How Does the Sale of Property Owned by a Nominee Realty Trust Work?
Can you advise on how to dissolve a realty trust upon sale of the only realty property in the trust? My sister and I would like to have the buyer of the property issue checks to both of us individually. We will file a final tax return for the trust, but wonder whether we must complete other documents showing the gift from the trust to the two of us.
Without seeing the trust itself, I will assume it is a nominee realty trust, a form of real estate ownership unique to Massachusetts. As trustees, you and your sister own and operate the property on behalf of and pursuant to the directions of the beneficiaries. These are generally named on a schedule of beneficiaries that is not recorded at the registry of deeds. Assuming you and your sister are the beneficiaries, then you should be able to direct that two equal checks be issued, one to each of you. (It’s not unusual for these schedules of beneficiaries to be misplaced or, as in a case we’re dealing with in our office, never to have been created in the first place.)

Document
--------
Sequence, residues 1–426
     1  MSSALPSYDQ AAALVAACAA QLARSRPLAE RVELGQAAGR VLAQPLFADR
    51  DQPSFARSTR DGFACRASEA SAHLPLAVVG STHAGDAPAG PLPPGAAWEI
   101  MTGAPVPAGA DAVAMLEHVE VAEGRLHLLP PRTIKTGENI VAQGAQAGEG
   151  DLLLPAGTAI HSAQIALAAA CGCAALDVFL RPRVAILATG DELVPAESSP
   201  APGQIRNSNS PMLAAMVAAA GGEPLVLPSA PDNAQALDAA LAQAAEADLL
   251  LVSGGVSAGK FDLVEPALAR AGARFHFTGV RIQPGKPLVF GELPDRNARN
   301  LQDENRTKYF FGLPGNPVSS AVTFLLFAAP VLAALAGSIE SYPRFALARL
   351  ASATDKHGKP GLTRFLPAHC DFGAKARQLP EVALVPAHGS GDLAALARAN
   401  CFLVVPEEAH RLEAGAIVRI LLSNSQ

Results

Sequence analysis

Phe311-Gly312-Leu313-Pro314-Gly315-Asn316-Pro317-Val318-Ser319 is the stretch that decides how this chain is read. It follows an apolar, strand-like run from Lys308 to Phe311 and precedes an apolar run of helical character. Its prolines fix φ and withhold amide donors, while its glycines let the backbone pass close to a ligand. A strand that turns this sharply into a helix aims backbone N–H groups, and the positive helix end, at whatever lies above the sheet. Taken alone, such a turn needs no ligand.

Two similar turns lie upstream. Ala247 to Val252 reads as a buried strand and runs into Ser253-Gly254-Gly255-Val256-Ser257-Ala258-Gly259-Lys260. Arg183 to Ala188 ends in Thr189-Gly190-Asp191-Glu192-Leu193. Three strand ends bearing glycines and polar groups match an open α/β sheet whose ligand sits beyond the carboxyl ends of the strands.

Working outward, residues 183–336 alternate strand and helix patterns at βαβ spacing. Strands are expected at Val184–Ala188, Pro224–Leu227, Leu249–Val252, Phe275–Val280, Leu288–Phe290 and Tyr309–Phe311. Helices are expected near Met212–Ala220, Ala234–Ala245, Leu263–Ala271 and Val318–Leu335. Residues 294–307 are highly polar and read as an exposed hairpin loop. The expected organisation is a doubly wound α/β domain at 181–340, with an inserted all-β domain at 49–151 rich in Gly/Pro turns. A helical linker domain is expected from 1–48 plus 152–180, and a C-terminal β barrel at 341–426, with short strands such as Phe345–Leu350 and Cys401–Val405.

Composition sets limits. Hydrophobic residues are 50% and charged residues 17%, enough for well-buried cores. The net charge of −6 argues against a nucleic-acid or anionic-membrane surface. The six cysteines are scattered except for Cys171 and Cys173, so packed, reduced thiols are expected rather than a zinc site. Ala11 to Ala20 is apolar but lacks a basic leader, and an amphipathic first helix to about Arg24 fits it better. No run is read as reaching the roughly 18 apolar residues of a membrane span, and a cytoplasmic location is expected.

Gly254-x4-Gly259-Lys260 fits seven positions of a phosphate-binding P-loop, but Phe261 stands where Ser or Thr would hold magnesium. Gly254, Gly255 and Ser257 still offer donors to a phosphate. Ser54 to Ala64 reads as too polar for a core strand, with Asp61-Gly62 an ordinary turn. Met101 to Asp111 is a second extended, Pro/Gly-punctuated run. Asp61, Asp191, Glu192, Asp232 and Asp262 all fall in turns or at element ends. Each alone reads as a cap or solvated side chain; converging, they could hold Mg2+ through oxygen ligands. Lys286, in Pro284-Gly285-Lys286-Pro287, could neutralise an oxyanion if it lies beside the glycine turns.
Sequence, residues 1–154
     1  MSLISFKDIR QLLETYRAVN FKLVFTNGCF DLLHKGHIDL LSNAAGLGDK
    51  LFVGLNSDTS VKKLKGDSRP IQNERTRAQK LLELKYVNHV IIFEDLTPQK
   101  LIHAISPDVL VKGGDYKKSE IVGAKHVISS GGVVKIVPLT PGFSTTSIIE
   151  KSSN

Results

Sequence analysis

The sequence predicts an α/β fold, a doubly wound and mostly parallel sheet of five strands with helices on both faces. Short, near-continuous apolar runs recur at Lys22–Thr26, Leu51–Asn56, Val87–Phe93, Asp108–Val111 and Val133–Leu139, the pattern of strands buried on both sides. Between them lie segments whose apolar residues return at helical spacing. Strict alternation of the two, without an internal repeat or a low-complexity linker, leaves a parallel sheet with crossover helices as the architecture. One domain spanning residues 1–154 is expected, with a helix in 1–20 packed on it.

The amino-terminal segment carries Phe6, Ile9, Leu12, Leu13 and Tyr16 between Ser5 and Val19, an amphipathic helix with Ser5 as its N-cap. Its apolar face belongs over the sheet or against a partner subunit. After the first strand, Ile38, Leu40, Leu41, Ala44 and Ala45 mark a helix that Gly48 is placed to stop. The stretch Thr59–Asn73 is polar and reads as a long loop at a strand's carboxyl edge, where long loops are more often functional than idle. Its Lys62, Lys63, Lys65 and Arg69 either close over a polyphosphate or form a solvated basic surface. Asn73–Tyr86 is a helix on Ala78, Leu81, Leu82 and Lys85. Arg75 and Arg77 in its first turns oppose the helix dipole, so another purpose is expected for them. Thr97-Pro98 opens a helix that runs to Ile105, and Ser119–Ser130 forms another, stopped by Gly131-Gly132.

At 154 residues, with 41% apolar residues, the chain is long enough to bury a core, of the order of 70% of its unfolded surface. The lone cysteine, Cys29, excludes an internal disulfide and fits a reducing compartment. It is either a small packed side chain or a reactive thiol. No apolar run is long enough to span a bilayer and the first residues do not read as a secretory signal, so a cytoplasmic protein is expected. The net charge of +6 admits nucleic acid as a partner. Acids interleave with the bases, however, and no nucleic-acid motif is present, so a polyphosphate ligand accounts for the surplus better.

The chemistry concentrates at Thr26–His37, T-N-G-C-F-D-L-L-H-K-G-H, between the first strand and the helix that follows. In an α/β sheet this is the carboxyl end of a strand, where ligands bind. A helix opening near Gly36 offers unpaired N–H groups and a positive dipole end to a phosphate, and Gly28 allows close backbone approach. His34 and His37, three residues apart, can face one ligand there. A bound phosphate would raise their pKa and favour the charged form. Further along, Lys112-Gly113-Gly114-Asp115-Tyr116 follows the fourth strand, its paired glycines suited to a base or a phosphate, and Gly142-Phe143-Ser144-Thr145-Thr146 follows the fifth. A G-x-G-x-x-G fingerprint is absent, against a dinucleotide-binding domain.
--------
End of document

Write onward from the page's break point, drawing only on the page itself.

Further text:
Nominee realty trusts can be useful tools to hide the identity of the true owners of real estate, to facilitate the gifting of shares of property over time, or to appoint one or more trustees to manage the property on behalf of multiple owners. They can be very useful for the ownership of vacation homes or rental property by several family members.
In terms of taxes, I agree that the trust should not pay taxes on the sale, though it will have to file a final return. However, you and your sister may have to pay tax on the capital gain realized on the sale, especially if you have been depreciating the property. Finally, assuming everything above is correct, no gift tax return needs to be filed since you and your sister are in fact already the owners of the property.
In any case, the lawyer handling the sale should be able to look at the actual trust and advise you on all of this.